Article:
"Shhh! The teacher's here!"
This is (along with "CanIgotothebathroomcanIgotothebathroom?!") probably my least favorite thing to hear from my students. That's because "the teacher" they're referring to is not me, but their classroom teacher. And what it says, in a nutshell is, "We don't respect or listen to Miss Brave because she has no power over us, but shhh! The real teacher's back!" And that's the worst feeling in the world, because it means I've failed in the basic, primary objective of beginning teachers: Behavior management.
Management is not, shall we say, my "thing." I'm too soft, too willing to get bogged down listening to everyone's sob story ("He took my pencil!" "No I didn't, it's my pencil and then she hit me with it!"), and too easily distracted by other problems cropping up in the room ("OK, one of you needs to be the bigger person here and -- JAMES WHY ARE YOU OUT OF YOUR SEAT SIT DOWN RIGHT NOW"). In my first grade class today, I spent literally almost the entire period dealing with the issue of whose turn it was to use the bathroom. Let me tell you something: I once ran a marathon, and it took me five hours. And I think I would rather run a 5-hour marathon every day of my life than spend another 30 minutes having the following conversation with first graders:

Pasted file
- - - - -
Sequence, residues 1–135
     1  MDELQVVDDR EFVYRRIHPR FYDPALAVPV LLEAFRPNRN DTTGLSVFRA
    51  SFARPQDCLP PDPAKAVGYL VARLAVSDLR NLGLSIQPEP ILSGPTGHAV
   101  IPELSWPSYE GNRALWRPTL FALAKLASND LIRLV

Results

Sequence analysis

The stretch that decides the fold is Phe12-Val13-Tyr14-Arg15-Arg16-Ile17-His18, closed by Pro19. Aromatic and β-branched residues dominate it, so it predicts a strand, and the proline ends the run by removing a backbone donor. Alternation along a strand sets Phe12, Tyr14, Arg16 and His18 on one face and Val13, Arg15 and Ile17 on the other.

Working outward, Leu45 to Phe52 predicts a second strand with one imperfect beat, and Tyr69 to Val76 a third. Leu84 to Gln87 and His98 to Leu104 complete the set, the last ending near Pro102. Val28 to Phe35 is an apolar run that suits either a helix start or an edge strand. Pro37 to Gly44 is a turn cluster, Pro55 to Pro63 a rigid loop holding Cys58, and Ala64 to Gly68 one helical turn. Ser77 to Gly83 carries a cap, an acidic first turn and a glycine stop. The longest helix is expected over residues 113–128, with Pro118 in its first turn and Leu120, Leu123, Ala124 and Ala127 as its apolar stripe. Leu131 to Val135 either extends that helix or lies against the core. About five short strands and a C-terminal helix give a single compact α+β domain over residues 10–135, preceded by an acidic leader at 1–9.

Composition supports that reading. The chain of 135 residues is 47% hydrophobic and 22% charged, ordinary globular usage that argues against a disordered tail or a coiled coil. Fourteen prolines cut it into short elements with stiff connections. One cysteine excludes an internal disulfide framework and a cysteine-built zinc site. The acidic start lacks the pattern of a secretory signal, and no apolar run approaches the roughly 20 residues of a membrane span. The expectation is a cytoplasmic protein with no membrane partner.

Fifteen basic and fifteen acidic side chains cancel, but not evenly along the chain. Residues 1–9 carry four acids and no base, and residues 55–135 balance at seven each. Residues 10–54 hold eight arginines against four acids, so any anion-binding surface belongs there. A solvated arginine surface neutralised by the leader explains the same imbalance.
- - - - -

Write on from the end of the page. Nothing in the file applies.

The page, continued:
Child #1: "I gotta use the bathroom."
Miss Brave: "Someone is in there right now; you need to wait. And you need to stop calling out and use the bathroom signal. So last week, we were talking about --"
Child #2: "I gotta go bad, it's an emergency!"
Miss Brave: "As soon as that person comes out, you may go. You don't need to tell me out loud, you need to use your bathroom signal. Right now you need to wait.
Last week we learned that good writers -- "
Child #3: "Me too, Miss Brave, I can't wait!"
Miss Brave: "I DON'T WANT TO HEAR ANOTHER WORD ABOUT THE BATHROOM."
Child #4 exiting the bathroom with bloody hands: "Miss Brave, my tooth fell out!"
[Room erupts into chaos]
Behaviorally, this afternoon was a disaster. All three of my classes ended with their class stoplights on red (translation: Your behavior is atrocious and you get no stickers; when this happens I tell them how sad and disappointed I am that they won't earn a special reward from me, but actually, the fewer special rewards I have to dole out, the less expensive teaching will be), and two of those classes ended up in trouble with their classroom teachers for misbehaving with me, which makes me feel absolutely awful. It shouldn't be the classroom teacher's responsibility to discipline students for their misbehavior in my class; it should be mine. But I'm running off to another class and I don't have time and the students know it, which is why they misbehave in the first place. One of those classes gives their classroom teacher a lot of trouble, too; but the other one is much more respectful of their classroom teacher, and I'm just the crummy writing teacher everybody hates who comes in to ruin Friday afternoons.
It was Pajama Day at school today, but I'm glad I didn't wear my pajamas. If I had been wearing pajamas while A.J. and Joseph wrestled on the floor right in the middle of my lesson or while Carlo flicked pencils, point-first, across the table, or while second graders made armpit-farting noises solely to piss me off, I think I would have lost it completely.